April 22 is Earth Day, a day when we should be particularly aware of our impact on the natural world.  Plants and animals cannot speak for themselves; concerned citizens must speak for the thousands of other species whose survivorship is threatened by human activities.

We’ll start today with a long view of earth’s history.  Using the fossil record, paleontologists have documented five mass extinctions.  During each of these episodes, at least 75% of existing species were driven to extinction.  The most recent mass extinction was about 65 million years ago when the dinosaurs, pterodactyls and the large marine plesiosaurs were wiped out.

Paleontologists do not fully understand the cause of most of these mass extinctions although changes in climate and volcanic activity seem to be likely candidates.  We do have better understanding of the most recent mass extinction that resulted in the elimination of the dinosaurs.  An asteroid, probably about six miles in diameter, hit the earth.  The crater has been found off the coast of the Yucatan peninsula in Mexico.   The ash from the collision would have greatly reduced photosynthesis by plants, disrupting the food web of that era.

A recent article in the journal Science by Anthony Barnosky and colleagues suggests that we are at the beginning of a sixth mass extinction.  This time, the cause is clear.  Humans are causing the extinction of many species by removing natural resources from communities, destroying and fragmenting habitat, and facilitating the introduction of non-native species.  The authors argue that 75% of existing species could be driven to extinction in the next few centuries unless humans reverse our ways and become better stewards of the earth.  That is a sobering claim.

We know that birds are especially sensitive to environmental degradation and habitat loss.  Conservationists often use birds as indicator species.  If a particular indicator species is doing well, then other associated species that are less sensitive are probably doing fine as well.  If a habitat starts to degrade because of human impacts, a change in the survivorship or reproductive success of birds will be one of the first signs.

As Earth Day approaches, what are some of the things you can do to help protect the birds?

Share your interests in birds with other people who haven’t been exposed to the wonders of birds.  People are often amazed to learn of the many birds all around them that they were never really aware of.   Young people often become eager birders once they see how much fun birding can be.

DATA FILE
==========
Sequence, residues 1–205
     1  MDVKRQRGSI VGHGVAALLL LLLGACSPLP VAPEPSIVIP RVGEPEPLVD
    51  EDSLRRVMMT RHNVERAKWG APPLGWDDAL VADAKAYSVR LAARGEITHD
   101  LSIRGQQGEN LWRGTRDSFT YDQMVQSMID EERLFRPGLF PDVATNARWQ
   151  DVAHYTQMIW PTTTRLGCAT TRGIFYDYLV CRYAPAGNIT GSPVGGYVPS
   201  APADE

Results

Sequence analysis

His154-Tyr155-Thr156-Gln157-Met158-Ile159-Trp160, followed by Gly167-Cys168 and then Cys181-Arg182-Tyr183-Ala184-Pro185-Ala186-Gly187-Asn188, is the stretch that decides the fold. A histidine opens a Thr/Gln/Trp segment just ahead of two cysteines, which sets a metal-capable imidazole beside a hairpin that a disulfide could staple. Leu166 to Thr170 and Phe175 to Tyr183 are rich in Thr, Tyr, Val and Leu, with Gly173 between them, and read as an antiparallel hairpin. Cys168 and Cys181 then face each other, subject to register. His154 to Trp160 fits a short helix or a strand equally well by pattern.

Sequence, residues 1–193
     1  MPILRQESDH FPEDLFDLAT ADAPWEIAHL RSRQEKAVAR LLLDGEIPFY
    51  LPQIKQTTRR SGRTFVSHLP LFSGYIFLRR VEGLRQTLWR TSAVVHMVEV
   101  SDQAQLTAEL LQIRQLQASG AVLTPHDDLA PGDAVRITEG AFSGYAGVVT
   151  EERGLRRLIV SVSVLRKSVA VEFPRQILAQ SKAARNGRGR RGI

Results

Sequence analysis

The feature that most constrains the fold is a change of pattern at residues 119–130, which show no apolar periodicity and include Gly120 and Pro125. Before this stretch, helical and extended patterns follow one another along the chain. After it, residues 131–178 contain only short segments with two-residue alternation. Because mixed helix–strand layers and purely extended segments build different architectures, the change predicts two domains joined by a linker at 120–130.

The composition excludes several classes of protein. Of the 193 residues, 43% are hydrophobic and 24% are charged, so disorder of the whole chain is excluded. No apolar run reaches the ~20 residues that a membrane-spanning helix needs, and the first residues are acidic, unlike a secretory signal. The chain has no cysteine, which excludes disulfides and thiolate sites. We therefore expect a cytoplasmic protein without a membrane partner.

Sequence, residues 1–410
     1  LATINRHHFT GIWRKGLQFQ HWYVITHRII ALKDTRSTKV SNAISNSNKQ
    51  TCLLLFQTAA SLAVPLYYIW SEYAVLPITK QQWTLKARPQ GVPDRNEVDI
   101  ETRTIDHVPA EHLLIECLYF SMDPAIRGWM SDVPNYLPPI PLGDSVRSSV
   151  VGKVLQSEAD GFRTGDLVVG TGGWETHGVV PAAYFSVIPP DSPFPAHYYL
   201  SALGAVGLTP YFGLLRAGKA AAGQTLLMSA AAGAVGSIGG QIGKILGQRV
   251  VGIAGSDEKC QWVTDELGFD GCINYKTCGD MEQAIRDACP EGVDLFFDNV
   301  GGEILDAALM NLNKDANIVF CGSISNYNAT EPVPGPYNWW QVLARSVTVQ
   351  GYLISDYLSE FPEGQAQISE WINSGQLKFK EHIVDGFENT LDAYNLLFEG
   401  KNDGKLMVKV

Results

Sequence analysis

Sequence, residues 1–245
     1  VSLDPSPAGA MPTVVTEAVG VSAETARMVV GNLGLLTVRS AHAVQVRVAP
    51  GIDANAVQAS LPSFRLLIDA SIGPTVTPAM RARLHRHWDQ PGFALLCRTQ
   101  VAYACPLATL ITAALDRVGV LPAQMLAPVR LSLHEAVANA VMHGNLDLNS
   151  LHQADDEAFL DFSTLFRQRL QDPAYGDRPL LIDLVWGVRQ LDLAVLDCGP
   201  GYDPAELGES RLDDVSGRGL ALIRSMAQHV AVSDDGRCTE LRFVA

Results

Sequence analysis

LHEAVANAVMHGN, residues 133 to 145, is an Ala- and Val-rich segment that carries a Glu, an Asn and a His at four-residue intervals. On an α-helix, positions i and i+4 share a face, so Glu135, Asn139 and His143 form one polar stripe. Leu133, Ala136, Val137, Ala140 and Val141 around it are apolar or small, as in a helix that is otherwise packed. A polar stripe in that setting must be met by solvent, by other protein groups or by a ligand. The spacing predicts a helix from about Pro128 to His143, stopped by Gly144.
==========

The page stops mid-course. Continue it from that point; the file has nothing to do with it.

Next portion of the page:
Make your property more bird-friendly. All birds need water so a water bath or pool will help the birds. Brushpiles are great habitat for sparrows.

Feed the birds.  Abundant evidence shows that feeding birds increases their survivorship.  Birds do not become dependent on human handouts so don’t worry if you can’t maintain your feeding station continuously.  Keep your feeders clean; bird diseases can spread rapidly at a frequently used feeder.

Join Partners in Flight.  This program depends on the work of thousands of people interested in birds throughout the Americas.  Join and find out what you can do to help conserve birds. Information can be found on the WorldWideWeb at: http://www.partnersinflight.org/

Join the American Bird Conservancy.  You can find information on this very effective conservation group at http://www.abcbirds.org/

Contribute to or join other conservation groups like the Nature Conservancy, the National Audubon Society, Maine Audubon Society, the World Wide Fund for Nature, the Sierra Club or the Appalachian Mountain Club.

Do your best to conserve resources: water, gasoline, paper, any other consumable resource.  We can reduce our effects on the natural world by reducing the amount of tree harvesting, oil mining and other removals of natural resources.

When you travel to go birding, considering purchase carbon offsets for the amount of carbon dioxide your car or jet transportation releases into the air.  Carbon offsets might be an investment in a solar energy plant or funding to plant trees that will absorb carbon dioxide and convert it to new plant tissue.  You can find lots of carbon footprint calculators on the web.  One I like is: http://www.terrapass.com/carbon-footprint-calculator/

If you are a coffee drinker, purchase shade-grown coffee.  Most coffee is grown on huge plantations in which the natural tropical forest has been clear-cut to allow coffee bean plants to grow. These coffee plantations have a very low diversity of birds. Some coffee bean plants grow well in the natural forest in the shade.  Supporting growers that use shade-tolerant coffee bean plants protects habitats and therefore birds.  A useful website can be found at: http://www.coffeeresearch.org/politics/birdsafe.htm

[First published on April 17, 2011]